Trek to Yomi review: Hack and slash never felt so good – or so tragic
Poland - Ever wanted to be a samurai? Well, then Trek to Yomi is the game for you, with a loving, fresh take on the hack and slash genre and samurai adventure.
Platforms: PC, PS5, PS4, Xbox Series, Xbox One
Publisher Devolver Digital and gaming developer Flying Wild Hog have cooked up a stylized, black-and white adventure that is also one of the most beautiful games of the year.
Unlike more colorful titles like Tunic or LEGO Star Wars: A Skywalker Saga, Trek to Yomi leans real hard into its roots. That means going back to film-grain filters, traditional Japanese instruments, and excellent voice acting with English subtitles.
The game starts you out in the sandals of young Hiroki, a samurai-in-training who has to defend his town from a bandit attack.
After saving the village, you continue the story as a grown-up, full-blown samurai. You'll walk, run, and slice your way through new set pieces and baddies. But things get darker, fast, and the story takes you on a tour of a time when brutality was the order of the day.
It's a 2.5D action game, so sometimes you can run around freely, but when it's time to fight you are locked into side-scrolling mode. That works surprisingly well, and the devs made the right choice when they kept the combat as pure as possible.
The game's name also hints heavily at what's in store for you, since Yomi is the land of the dead in Japanese mythology.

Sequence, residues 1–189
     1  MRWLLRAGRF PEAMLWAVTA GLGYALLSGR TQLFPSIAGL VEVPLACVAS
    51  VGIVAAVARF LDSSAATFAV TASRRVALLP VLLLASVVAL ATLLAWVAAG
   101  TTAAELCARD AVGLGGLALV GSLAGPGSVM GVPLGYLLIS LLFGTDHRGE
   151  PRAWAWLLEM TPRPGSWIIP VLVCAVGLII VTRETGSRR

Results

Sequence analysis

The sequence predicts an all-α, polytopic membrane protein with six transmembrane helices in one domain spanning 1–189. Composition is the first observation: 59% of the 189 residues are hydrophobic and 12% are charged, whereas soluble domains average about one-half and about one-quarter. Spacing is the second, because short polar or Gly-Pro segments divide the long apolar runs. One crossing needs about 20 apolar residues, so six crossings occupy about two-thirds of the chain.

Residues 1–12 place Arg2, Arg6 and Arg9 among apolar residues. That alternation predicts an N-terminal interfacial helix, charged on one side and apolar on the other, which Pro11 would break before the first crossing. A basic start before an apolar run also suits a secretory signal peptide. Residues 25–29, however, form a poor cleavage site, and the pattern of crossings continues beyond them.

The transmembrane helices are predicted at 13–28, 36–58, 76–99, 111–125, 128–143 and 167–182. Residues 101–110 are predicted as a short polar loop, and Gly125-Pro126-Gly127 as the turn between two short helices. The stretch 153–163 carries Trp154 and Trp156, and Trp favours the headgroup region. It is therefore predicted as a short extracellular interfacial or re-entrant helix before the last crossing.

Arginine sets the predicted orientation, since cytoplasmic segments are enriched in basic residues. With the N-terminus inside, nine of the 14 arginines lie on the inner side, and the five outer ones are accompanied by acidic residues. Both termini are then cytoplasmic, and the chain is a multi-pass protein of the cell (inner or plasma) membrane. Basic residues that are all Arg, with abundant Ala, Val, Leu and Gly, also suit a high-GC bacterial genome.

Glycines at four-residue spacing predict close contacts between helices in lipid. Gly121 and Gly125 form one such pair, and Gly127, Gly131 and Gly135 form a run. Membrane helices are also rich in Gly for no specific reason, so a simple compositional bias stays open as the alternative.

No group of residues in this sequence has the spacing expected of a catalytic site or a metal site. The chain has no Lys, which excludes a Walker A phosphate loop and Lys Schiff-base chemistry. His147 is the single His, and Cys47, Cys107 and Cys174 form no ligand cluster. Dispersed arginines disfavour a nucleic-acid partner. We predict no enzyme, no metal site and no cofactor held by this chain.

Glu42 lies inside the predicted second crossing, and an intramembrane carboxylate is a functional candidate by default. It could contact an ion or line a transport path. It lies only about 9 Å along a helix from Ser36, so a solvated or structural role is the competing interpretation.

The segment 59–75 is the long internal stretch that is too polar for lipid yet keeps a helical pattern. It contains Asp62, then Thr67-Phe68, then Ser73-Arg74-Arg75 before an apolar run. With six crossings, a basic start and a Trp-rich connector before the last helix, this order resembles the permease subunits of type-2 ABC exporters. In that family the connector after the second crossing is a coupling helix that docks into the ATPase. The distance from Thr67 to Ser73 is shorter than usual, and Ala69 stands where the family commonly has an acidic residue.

And death is a constant companion, turning Trek to Yomi into a tragic journey for our hero, Hiroki.
Trek to Yomi: Eye and ear candy galore!
Trek to Yomi is a feast for the senses, no matter what difficulty level you choose.
Even if you're banging your head against the wall during the challenging fights, you can still enjoy the sights, and the sounds, of a beautiful homage to old samurai movies.
While you're moving through the game, you see rainy forests, burning villages, and rushing rivers – visuals that really pop despite the grayscale. This is easily one of the best-looking games of the year.
And the atmosphere is tense, moving, and can kick you right in the emotional guts, thanks to a lovely soundtrack and excellent sound effects. The rhythmic clacking of traditional Japanese drums ups the suspense as you trade strikes with a well-armored opponent.
There are even scripted moments where the "film" bubbles, something old movies used to do in theaters. It's a 100% perfect ode to the genre.
The looks and sounds of this game are consistently good, and really help sell the feeling of being an old-school samurai on a tragic quest.
Slick and deliberate combat
This is no over-caffeinated weasel hack and slash, where you just go ham on the buttons and hope you make it.
Trek To Yomi gives you a huge set of moves, but you have to take your time. Rushing into each fight will get you surrounded and overwhelmed if you are just mashing attacks.
But when you do what your Sensei tells you at the start of the game, "Breathe in. Breathe out. Concentrate," you can become like water, flowing across the battlefield.
Rolls, blocks, and your best friend – the parry move – have weight to them, as do your enemies' attacks. And it doesn't get better than pulling off a parry to spin past your opponent and give them a slash as you pass, before turning to the next bandit or shogun.
Then there's the boss battles, which are delicious. You have to put together everything you've learned to handle healthier opponents that will walk all over you if you're not prepared.
But defeat them, and you'll taste a victory so sweet, you'll wish you could go right back for round two.
Bottom line: Trek to Yomi is a great game, and well-worth your hard-earned cash if you want a beautiful, stylized experience that plays like you are really in an old samurai movie.
Trek to Yomi is already a solid candidate for 2022's top 10 games.
Cover photo: Devolver Digital, Flying Wild Hog